System failures can alter the effective aircraft dynamics either by changing the aircraft's response to control inputs or by changing the feedback to the pilot. Control system failures, such as failures in the hydraulic system, actuator failures, or uncontrolled changes in aircraft trim, may significantly compromise the controllability of the aircraft. Intermittent control system failures can result in highly nonlinear or discontinuous control responses that act as potential triggering events.
Sensor and display failures that alter the feedback dynamics to the pilot or the control system are also potential triggers. Even a simple mechanical failure, such as a loose pilot's seat, can alter the acceleration feedback the pilot receives and has been observed to trigger an APC event.
FCS Mode Shifts
Modern FCS technology significantly increases the ability of designers to tailor the effective aircraft dynamics for different tasks. However, it also has the potential to trigger APC events by allowing the flight control laws to change (i.e., switch modes) on the basis of numerous criteria, some of which may not be specified or understood by the pilot. If the pilot is unaware of the mode transition, a mismatch between the pilot's mental model and the effective aircraft dynamics can occur. The command path gain changes described earlier and exemplified by the YF-22 case study described later in this chapter are examples of this.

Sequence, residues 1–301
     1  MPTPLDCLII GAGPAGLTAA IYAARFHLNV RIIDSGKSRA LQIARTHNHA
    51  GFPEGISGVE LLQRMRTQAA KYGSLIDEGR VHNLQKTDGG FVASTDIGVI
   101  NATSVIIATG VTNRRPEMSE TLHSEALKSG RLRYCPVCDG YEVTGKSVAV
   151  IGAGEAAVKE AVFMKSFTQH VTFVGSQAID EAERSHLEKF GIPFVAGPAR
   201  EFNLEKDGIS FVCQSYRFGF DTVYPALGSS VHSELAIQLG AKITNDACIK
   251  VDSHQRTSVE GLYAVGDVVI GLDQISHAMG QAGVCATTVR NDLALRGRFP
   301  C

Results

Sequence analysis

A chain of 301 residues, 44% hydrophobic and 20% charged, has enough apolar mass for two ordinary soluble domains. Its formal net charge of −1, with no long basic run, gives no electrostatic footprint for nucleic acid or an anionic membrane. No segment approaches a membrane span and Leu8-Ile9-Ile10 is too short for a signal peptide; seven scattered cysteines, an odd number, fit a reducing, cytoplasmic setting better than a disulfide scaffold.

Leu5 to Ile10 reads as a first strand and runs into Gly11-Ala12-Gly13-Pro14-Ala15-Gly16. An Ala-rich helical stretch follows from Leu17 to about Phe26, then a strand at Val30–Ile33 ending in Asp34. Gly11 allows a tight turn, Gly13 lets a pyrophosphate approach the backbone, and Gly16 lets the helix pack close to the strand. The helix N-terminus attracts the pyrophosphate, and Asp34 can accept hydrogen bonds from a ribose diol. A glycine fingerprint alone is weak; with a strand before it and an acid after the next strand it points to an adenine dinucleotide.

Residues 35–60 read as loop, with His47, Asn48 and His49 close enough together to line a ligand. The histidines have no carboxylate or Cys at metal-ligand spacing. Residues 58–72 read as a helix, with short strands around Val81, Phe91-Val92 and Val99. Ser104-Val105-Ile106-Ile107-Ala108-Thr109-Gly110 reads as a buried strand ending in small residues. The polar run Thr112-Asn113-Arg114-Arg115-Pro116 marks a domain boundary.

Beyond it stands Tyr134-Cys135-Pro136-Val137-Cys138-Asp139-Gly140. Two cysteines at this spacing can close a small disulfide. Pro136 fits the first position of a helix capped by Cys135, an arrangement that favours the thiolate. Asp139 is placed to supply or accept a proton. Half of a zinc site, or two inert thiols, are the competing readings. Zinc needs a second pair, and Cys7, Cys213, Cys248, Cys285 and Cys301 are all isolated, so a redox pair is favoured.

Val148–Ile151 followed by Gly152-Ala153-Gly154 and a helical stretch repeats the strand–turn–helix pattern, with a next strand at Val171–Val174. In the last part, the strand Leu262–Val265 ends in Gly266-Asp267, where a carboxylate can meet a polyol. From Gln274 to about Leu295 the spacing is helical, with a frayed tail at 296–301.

In FBW aircraft, the overall, effective response to pilot control input will depend on the inner-loop control laws and feedback gains programmed into the flight control computer. For a variety of reasons, these control laws may change during specific phases of a flight or flight conditions. For example, the ''response type" in some FCSs have longitudinal stick inputs that normally command changes in the flight path angle. However, during landing operations the response type is sometimes changed so that longitudinal stick inputs command elevator position, thereby making the touchdown handling qualities more conventional. Another example (noted earlier) is the control law for the Boeing 777, which changes between "air" mode and "ground" mode. Inner-loop control law and response type transitions are usually "task tailored" to improve handling qualities. Sometimes, however, it is difficult to anticipate